Ex-Manager Sues Coca-Cola Over Race Bias Claims

Coca-Cola is facing a lawsuit in Georgia federal court which claims a former manager was fired in retaliation for reporting racial discrimination within the company’s bidding process for construction projects.

The manager bringing the claims is William Armstrong, who began working with Coke 30 years ago. Armstrong claims he was terminated as a senior project manager after filing an ethics complaint against the company because of a push by other managers to award multi-million-dollar contracts to diverse bidders.

In his complaint, Armstrong said there was a group of Coca-Cola leaders known as the “Justice League” who invited Black-owned companies to bid on $120 million worth of work, which he was opposed to because he said it discriminated against qualified non-Black companies in the Atlanta area.

“To exclude a vendor based solely on the skin color, ethnic background or sexual orientation of an owner/owners is a process I do not believe our company should participate in,” Armstrong said.

The complaint claims that Coca-Cola sent out requests for information, or RFIs, for bids to potential general contactors for two refurbishment projects in June 2021. The requests were delivered anonymously, Armstrong said, to ensure that the company’s money went to the most qualified bidder, and “not to a company as the result of favoritism or unlawful motive.” But the fairness of the process changed, he claimed, when then-facilities manager Hasan Jones got involved with the projects.

Jones, a member of the "Justice League," had never been involved with bidding previously, but Armstrong said he attempted to "take over" the process after the initial bidding requests were sent out to qualified companies. At Jones' insistence, Armstrong said, an additional 12 requests for information for bids were sent to Black-owned companies. Eventually, he said Jones and two others "reconfigured the entire RFI process" to include a list of Black-owned potential vendors that more than twice exceeded the original list and included firms from outside of Atlanta, as well as some that weren't fully qualified for the job. Jones also allegedly coached one of the Black-owned firms on how to partner with a female-owned firm to make their bid for the general contractor role more compelling, which Armstrong said was a violation of Coke's procurement processes.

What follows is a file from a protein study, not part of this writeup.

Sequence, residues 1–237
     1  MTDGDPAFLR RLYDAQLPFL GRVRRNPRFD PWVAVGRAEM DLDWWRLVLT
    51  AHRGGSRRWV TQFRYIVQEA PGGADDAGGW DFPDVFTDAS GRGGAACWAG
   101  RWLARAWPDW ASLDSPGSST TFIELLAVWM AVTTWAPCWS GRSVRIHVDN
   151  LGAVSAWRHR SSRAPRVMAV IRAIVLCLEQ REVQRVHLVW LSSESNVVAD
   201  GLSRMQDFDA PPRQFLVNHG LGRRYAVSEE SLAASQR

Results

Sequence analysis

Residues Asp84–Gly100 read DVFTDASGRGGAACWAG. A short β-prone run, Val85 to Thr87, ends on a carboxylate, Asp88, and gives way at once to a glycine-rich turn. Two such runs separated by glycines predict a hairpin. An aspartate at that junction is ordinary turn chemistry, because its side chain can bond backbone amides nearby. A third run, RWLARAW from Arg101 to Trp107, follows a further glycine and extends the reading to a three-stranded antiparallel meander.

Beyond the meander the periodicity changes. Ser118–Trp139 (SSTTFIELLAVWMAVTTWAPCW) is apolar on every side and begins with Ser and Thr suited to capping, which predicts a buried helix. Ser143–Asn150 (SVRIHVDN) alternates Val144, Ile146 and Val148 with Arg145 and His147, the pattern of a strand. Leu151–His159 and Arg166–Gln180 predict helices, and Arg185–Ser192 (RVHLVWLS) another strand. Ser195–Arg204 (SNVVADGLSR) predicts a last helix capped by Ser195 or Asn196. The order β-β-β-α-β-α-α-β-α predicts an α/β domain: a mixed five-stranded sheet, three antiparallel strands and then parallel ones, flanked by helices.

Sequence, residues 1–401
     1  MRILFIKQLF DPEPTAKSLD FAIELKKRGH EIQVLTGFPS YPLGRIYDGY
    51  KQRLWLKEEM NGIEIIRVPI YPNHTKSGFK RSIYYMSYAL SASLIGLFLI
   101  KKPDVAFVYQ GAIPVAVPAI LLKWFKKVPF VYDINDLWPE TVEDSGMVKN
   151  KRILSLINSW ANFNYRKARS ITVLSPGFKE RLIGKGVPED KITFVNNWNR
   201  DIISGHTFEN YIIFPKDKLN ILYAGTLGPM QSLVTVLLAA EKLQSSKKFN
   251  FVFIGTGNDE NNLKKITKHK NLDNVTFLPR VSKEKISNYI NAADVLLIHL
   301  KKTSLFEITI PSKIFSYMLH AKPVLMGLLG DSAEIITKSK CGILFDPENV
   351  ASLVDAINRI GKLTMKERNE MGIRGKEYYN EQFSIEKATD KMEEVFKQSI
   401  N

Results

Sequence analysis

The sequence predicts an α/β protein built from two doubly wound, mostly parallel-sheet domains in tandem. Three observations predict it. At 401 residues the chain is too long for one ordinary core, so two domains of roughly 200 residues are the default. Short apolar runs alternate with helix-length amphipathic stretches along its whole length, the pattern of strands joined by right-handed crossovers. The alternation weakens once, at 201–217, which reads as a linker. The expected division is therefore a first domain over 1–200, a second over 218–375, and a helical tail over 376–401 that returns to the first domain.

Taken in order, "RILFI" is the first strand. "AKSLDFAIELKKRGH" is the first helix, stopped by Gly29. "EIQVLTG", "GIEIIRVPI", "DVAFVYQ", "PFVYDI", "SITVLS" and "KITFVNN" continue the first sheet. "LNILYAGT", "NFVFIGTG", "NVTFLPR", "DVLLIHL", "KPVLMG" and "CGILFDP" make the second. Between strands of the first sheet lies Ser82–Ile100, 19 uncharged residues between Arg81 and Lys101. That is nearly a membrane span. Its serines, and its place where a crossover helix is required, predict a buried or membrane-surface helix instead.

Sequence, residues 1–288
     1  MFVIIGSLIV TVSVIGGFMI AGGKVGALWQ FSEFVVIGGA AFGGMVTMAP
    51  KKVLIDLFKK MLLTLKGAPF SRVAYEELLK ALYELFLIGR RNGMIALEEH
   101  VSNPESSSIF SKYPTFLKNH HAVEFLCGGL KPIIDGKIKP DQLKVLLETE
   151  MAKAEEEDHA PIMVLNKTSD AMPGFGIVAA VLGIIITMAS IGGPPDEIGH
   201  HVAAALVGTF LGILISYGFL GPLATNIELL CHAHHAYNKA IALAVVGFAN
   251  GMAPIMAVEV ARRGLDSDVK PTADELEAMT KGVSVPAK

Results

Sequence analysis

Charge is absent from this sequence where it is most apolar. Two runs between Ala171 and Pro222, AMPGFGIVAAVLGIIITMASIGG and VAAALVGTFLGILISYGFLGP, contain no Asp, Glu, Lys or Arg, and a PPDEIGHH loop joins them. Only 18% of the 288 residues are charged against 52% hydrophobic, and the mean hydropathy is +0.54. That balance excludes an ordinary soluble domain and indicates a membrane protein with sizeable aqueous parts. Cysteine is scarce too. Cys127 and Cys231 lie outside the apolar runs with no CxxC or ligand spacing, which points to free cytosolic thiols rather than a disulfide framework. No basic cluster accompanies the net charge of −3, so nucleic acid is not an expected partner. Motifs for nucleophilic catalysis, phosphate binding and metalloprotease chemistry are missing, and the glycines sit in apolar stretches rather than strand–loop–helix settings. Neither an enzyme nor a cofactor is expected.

This all happened while Armstrong was on a work trip in Mexico, according to the complaint. Upon his return, Armstrong said he was shocked by the changes and discussed them with supervisors, who agreed they were "extremely problematic" since they were in "direct contravention" to Coke's written procurement and contracting procedures.

After that discussion, Armstrong said, a meeting was arranged so that he, Jones and other stakeholders could discuss the projects. It was canceled without explanation. Armstrong said he continued to take his concerns about the potential discriminatory impact caused by Jones' involvement in the projects to leadership for almost a full month, without any steps being taken to address them. He eventually notified management of his intent to file an internal ethics complaint, which he said they tried to dissuade him from doing. He moved forward with the complaint anyway in July 2021 because he believed it was "the right thing to do."

An investigation was opened into the allegations, at which point Armstrong said leadership began accusing him of taking kickbacks from contractors and expressed unhappiness with his decision to file a complaint instead of addressing the matter internally. He said he began to feel so much pressure from leadership that he filed an employee relations complaint on July 30. The day after the investigation ended in late August, Jones left the company. While Armstrong wasn't informed of its full outcome, he said investigators told him the investigation confirmed that Jones had been in direct communication with potential vendors.

Two months later, Armstrong was terminated as part of what he called a "fabricated restructuring" that eliminated his role within the company. He argued in his complaint that the restructuring was just an excuse to fire him for complaining and that he and his position were still needed to complete the ongoing project.

"The universal view by those working on the projects at Coke apart from the retaliating managers is the projects desperately need Mr. Armstrong's expertise to be completed by 2023," the complaint said. "Coke terminated Mr. Armstrong for refusing to sit quietly by while the Justice League commandeered his projects to achieve a racially discriminatory purpose."

Armstrong is seeking compensatory, special and punitive damages, back pay and pre- and post- judgment interest, as well as either injunctive relief reinstating him to his position or, alternatively, an award of front pay.

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